In the first part of this series, Magnus Errata Part 1, we looked at the problems caused by reading data from flash memory while interrupts are in use. In this second part we examine the more serious issue of double writes to sensitive I/O registers. Here is the issue as presented in the errata:
In this scenario, a write operation is duplicated when it is interrupted at just the wrong moment. Now, in most cases, this poses no problem. A = 3; would simply assign 3 to A twice. However, some I/O registers are sensitive to multiple writes. The data registers for the SPI, UART, I2C, PMP, and GPIO Toggle will not perform correctly if double write occur.
The answer given, was to use the DMA controller to do the writing to these registers. This is a most draconian and unworkable “fix” for the problem. It replaces a simple write to a register with an enormous amount of code to set up the DMA to transfer the data byte. And further since DMA controllers don’t like to be shared, a whole extra layer of mutual exclusion logic is required.
To make matters worse, I just don’t trust this report! If this issue were as bad as the docs make it out to be, you would expect a lot of problems. I mean the issue is I/O and interrupts! Where is the out cry? Why does my own code work without any trace of error? Here’s what I saw in the forums; rpg7 wrote:
“I am running a project the has 4 SPIs clocking in framed mode at 2.048Mbit and a bitbashed uart (No USART pins left if all SPI in use) running at 57600 baud. The bitbashing runs interrupts at 172800 interrupts per second and the SPIs shift out 128 bytes at a time 8000 times persecond. The BB UART has highest priorty so it is interrupting the SPI interrupt continuously. Also have not had any errors so far.. Got my fingers crossed. “
Marc Coussement wrote
“Problem solved !!!
Confirmed by Microchip
Read errata Issue 44
First read the errata and look [at the] work around.
Conclusion: …………… stop using PIC32″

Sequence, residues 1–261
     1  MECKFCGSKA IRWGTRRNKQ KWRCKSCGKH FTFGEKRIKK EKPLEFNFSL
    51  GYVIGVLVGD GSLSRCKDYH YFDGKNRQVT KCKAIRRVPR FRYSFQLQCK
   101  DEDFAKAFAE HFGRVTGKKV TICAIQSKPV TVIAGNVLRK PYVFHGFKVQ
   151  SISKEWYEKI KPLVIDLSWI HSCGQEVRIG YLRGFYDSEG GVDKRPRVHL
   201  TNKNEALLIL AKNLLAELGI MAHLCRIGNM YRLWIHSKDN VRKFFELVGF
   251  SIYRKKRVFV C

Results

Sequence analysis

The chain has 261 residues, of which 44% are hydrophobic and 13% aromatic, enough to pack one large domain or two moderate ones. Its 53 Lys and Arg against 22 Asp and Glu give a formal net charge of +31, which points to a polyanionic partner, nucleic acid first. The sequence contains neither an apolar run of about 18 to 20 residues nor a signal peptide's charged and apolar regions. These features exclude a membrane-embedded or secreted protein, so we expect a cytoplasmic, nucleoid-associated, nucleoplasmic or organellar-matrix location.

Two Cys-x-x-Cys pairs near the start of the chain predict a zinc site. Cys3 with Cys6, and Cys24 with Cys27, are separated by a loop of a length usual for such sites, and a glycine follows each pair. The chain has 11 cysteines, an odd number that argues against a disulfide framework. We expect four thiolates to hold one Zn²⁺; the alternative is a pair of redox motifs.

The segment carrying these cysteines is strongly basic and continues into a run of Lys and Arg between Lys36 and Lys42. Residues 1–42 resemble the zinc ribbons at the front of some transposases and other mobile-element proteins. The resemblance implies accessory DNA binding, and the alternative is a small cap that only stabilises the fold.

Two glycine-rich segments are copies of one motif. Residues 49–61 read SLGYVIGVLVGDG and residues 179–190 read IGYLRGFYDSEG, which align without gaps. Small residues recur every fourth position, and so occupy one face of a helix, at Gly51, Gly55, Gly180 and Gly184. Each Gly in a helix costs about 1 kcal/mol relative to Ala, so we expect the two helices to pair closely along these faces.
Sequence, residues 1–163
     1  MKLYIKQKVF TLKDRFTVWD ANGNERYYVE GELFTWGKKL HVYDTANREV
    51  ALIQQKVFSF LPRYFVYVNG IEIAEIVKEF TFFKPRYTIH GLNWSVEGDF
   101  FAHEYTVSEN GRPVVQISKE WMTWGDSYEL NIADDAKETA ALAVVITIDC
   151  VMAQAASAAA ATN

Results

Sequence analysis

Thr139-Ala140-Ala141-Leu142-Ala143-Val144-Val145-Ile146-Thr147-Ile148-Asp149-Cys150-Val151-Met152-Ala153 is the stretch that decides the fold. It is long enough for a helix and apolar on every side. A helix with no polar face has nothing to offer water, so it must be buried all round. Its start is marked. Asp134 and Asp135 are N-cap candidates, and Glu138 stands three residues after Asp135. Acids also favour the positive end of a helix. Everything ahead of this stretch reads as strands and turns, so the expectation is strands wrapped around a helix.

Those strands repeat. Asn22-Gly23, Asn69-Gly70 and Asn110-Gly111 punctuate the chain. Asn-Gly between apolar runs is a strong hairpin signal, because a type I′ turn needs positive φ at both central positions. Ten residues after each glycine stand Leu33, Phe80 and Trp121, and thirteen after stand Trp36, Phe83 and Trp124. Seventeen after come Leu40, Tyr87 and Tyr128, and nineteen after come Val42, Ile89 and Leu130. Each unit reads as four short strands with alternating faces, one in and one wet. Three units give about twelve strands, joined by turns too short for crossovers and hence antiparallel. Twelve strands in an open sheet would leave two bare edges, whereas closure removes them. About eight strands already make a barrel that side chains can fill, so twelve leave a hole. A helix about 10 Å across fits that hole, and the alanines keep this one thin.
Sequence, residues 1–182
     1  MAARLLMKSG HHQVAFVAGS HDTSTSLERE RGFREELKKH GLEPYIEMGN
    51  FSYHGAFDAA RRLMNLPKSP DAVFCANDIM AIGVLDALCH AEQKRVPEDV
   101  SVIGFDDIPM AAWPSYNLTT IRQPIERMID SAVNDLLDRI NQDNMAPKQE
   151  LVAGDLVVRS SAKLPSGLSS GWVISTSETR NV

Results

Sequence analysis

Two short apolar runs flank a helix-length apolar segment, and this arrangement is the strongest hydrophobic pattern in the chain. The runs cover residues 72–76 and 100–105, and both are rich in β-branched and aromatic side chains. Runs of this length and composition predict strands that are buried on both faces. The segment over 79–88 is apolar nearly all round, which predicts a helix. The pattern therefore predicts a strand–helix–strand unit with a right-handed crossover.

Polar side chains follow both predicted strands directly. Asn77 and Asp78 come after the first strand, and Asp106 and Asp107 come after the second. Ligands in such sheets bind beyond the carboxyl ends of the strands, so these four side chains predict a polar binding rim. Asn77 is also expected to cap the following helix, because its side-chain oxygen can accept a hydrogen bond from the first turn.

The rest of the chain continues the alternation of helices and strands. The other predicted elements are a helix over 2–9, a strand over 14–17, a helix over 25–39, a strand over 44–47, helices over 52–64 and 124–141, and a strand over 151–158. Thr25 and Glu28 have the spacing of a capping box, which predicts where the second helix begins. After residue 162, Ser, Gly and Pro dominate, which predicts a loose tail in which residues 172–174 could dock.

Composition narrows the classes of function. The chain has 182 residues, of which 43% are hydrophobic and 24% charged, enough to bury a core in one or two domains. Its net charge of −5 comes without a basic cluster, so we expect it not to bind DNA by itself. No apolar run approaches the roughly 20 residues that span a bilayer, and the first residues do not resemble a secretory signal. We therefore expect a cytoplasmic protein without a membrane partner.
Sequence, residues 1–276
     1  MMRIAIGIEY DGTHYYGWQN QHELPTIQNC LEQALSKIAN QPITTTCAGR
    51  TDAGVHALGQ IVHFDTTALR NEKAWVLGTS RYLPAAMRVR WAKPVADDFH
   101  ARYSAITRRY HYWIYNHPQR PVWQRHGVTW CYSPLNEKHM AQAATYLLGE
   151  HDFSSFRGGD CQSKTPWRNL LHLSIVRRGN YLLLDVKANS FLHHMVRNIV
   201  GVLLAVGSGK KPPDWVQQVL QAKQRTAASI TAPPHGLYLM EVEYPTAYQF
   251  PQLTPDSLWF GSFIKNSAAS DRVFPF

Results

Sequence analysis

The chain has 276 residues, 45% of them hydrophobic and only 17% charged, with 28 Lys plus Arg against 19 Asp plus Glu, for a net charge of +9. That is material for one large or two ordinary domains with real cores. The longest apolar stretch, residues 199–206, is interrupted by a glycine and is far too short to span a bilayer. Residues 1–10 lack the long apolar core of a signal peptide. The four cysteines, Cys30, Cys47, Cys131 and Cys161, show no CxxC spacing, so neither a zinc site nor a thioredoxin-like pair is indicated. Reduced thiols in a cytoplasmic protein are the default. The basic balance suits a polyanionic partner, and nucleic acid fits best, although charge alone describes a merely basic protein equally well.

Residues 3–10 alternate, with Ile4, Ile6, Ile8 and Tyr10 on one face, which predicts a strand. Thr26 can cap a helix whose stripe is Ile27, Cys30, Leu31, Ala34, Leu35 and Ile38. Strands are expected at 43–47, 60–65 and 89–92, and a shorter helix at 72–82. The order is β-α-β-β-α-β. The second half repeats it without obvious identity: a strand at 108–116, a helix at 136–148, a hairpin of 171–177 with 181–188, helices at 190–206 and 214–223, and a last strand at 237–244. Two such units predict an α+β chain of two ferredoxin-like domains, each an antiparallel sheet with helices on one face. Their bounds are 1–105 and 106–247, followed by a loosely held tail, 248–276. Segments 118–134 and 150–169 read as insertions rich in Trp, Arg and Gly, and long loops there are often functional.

“No, it’s a mayor issue, CPU double writes (by mistake) to peripheral, think about it.. uart, spi i2c….
And the workaround is really ugly.“
“Do I have to disable *all* interrupts? Can they just be masked out? At peripheral level or global level? What about software interrupts? (always occur at a particular pipeline stage and may dodge the bullet) What about timer-based interrupts? (probably always occur relative to a clock edge and probably *don’t* dodge the bullet–they can float through different pipeline stages).
If I put on my microprocessor designer hat, it’s probably that the peripheral commits a pipeline stage before the MIPS32 actually commits. If that’s the case, simply masking off externally driven interrupts (either directly per unit or globally) should be sufficient and won’t require a massive draining of the pipeline.
This severe an errata needs a lot more *public* information and precision.”
“[snark] So … I can shut off interrupts for a cycle or two, or I can completely re-architect my application to use a poorly documented peripheral which has driven some quite competent people on this board absolutely mad. And that’s if I’m not actually using the DMA engine. Uh, yeah, I’ll get right on that Microchip… [/snark]”
Finally the moderator added:
“Microchip understands importance of having this issue fixed and is actively working on it. Please check with your local Microchip representative on availability dates and obtaining early samples (if desired). “
I know that Microchip will track down the cause of these silicon bugs and fix them. In spite of this, I know that we can’t just bury our heads in the sand and wait for the problem to go away. It won’t. Ever! For quite some time we will be living with a PIC32 population that includes a lot of defective chips. We need useful, feasible work-arounds, not wishful insanity, because these corrective fixes will be needed for some time.
That’s why I was pleased to see this from Stampede:
“Errata #44: This issue is very similar to errata #43, but in this case interrupt has to happen at exact time as you are writing to a peripheral. Depending on the application (how often peripheral is getting written and how often interrupts are occurring in the system), user may not see this issue very frequently. It also depends if their system can handle double write case, if it happens.
While workaround maybe an “overkill” for some applications, it is a valid workaround and it will prevent double write to a peripheral.
Disabling interrupts while performing write to peripheral is another valid workaround and we will update errata to state this.
So the errata seems not to be too severe as it might seem on the first sight…
Well, I’m not cheering yet, but controlling interrupts around writes to sensitive registers is a lot more feasible than hauling out the nastiest peripheral on the block to copy over just one byte.
I was planning on waiting for Microchip to update its errata docs, but that has still not happened. So, I am publishing now and will update these postings as more information becomes available. As always, your comments and observations are welcomed!
Peter Camilleri (aka Squidly Jones)